Daniel_Stuckey writes with an excerpt from his story at Motherboard: "Yesterday, I got as close as any media physically can to Barrett Brown, the American journalist that was locked up in late 2012 for pasting a hyperlink in a chatroom, which federal prosecutors alleged contained leaked credit card data from the Statfor hacks. Due to a media gag order upheld by the US District Court in the Northern District of Texas, Brown isn't allowed to make "any statement to members of any television, radio, newspaper, magazine, internet (included, but not limited to bloggers)," with the exception of Kevin M. Gallagher, who heads his defense fund. ... Earlier this week, US Attorney Sarah Saldaña filed a motion to dismiss 11 of Brown's charges, namely those related to the pasted hyperlink (including trafficking in stolen authentication features, aggravated identity theft, and access device fraud). The motion came as both a victory for Brown's case, and a sigh of relief to supporters who have continuously cited the absurdity of his charges related to hyperlinking."Read Replies (0)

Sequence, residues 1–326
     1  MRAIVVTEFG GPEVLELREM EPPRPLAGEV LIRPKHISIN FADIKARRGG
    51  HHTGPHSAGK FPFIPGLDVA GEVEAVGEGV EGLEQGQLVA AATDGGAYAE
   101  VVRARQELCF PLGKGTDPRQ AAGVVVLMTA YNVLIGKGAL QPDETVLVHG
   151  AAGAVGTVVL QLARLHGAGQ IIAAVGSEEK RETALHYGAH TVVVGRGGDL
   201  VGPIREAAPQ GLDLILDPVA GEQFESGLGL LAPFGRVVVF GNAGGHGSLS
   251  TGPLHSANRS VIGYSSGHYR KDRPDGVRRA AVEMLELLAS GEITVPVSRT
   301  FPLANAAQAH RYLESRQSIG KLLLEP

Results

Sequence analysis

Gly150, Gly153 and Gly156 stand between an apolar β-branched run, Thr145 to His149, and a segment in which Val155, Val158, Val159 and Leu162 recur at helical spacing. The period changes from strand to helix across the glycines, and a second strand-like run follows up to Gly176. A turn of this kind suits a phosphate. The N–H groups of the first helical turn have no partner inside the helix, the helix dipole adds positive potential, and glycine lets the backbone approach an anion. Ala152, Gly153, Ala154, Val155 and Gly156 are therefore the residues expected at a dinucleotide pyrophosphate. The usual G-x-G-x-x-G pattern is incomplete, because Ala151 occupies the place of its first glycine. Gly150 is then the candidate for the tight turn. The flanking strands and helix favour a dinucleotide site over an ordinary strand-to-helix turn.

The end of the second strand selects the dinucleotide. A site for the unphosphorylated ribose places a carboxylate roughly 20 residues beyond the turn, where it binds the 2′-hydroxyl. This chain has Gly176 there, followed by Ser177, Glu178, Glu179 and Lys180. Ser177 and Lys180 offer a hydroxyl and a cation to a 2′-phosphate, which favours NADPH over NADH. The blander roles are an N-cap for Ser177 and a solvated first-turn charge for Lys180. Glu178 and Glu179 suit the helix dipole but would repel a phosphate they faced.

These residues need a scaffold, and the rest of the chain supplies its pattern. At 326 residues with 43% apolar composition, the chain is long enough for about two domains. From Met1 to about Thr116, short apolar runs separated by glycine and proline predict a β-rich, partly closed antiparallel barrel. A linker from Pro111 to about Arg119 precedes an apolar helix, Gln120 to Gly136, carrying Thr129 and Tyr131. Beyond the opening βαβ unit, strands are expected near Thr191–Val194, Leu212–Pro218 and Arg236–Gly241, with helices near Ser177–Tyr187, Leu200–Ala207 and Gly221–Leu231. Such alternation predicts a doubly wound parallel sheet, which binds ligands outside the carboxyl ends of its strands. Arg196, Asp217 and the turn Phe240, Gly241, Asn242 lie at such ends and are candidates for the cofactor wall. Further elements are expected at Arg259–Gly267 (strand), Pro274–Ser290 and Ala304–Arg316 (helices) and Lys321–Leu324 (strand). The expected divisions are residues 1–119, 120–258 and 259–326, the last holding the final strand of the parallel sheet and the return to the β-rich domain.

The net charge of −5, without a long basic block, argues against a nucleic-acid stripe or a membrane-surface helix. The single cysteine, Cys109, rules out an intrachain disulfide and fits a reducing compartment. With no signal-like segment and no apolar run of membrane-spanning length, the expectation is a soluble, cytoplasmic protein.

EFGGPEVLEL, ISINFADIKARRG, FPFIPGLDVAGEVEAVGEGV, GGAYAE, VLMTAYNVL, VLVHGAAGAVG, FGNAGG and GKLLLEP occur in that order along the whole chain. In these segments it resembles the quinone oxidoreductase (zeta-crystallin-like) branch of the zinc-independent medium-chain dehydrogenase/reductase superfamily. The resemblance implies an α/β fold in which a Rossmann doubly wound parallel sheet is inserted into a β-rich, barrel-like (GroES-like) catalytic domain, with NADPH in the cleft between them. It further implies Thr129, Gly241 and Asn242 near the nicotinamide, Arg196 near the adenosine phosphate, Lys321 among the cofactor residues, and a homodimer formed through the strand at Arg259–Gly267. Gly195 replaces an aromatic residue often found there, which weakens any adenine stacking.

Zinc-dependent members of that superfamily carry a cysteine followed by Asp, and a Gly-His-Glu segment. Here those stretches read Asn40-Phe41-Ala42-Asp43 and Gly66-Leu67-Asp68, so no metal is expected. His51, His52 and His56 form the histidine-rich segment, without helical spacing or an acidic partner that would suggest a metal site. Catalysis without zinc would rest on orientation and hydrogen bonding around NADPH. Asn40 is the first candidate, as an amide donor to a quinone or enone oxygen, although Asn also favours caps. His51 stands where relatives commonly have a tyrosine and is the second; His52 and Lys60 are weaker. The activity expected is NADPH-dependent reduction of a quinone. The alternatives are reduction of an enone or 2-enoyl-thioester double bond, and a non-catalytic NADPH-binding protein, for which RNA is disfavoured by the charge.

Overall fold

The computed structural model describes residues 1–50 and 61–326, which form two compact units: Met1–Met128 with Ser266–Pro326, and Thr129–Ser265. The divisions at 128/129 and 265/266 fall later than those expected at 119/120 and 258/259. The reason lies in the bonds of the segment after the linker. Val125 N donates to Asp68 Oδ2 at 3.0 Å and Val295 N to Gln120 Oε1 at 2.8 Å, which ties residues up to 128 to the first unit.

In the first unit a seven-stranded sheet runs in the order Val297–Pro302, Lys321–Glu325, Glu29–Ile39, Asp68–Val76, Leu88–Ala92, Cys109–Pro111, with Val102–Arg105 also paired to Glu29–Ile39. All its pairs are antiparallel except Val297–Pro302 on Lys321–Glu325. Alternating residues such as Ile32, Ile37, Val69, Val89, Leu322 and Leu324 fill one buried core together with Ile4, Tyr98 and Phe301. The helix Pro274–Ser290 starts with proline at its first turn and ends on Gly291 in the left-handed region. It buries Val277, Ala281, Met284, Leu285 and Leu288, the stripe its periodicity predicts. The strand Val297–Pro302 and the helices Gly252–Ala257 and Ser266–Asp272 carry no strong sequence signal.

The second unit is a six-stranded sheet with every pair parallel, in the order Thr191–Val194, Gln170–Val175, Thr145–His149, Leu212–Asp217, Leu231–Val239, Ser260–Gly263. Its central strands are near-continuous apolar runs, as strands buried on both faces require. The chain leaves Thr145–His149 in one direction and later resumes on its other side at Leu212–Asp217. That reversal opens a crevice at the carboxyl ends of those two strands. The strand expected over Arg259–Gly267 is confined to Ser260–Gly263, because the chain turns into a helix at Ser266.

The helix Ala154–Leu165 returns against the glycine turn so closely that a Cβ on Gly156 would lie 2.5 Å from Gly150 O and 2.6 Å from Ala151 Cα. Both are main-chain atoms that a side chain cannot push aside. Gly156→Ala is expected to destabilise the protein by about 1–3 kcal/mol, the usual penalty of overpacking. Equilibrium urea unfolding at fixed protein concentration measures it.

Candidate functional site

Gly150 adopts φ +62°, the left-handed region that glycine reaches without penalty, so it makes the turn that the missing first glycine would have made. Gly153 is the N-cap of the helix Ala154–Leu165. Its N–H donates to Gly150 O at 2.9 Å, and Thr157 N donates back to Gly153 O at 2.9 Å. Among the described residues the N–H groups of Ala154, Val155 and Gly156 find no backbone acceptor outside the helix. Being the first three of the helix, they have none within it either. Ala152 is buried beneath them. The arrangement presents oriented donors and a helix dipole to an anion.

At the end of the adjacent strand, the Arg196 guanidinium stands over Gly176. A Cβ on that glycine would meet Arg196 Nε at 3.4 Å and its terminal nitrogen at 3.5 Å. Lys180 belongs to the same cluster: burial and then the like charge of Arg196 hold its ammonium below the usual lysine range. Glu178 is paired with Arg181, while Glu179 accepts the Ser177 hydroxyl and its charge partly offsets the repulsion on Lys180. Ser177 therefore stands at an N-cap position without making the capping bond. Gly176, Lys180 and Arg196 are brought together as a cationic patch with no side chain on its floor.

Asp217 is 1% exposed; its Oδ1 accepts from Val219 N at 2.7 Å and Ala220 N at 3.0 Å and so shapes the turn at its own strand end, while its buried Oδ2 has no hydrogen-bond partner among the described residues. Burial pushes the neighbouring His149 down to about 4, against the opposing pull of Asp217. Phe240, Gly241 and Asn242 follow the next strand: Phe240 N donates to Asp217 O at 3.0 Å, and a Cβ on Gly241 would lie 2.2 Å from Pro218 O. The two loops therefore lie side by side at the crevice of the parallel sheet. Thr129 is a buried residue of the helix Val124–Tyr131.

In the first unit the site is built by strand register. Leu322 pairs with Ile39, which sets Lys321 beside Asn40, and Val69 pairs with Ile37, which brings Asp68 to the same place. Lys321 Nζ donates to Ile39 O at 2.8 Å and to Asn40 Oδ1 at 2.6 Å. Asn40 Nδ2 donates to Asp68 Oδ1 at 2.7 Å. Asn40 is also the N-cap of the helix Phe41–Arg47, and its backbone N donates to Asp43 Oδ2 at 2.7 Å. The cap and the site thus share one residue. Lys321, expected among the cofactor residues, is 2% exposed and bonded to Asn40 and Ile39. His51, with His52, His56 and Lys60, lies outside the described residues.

By timothy from Slashdot's it's-not-earth-musk's-after department
mknewman writes with an article at NASA SpaceFlight which lays out the details of a plan from SpaceX to send a craft to Mars
, using an in-development engine ("Raptor") along with the company's Super Heavy Lift Launch Vehicle. "Additionally, Mr. Musk also introduced the mysterious MCT project, which he later revealed to be an acronym for Mars Colonial Transport. This system would be capable of transporting 100 colonists at a time to Mars, and would be fully reusable. Article is technically dense but he does seem to follow through on his promises!"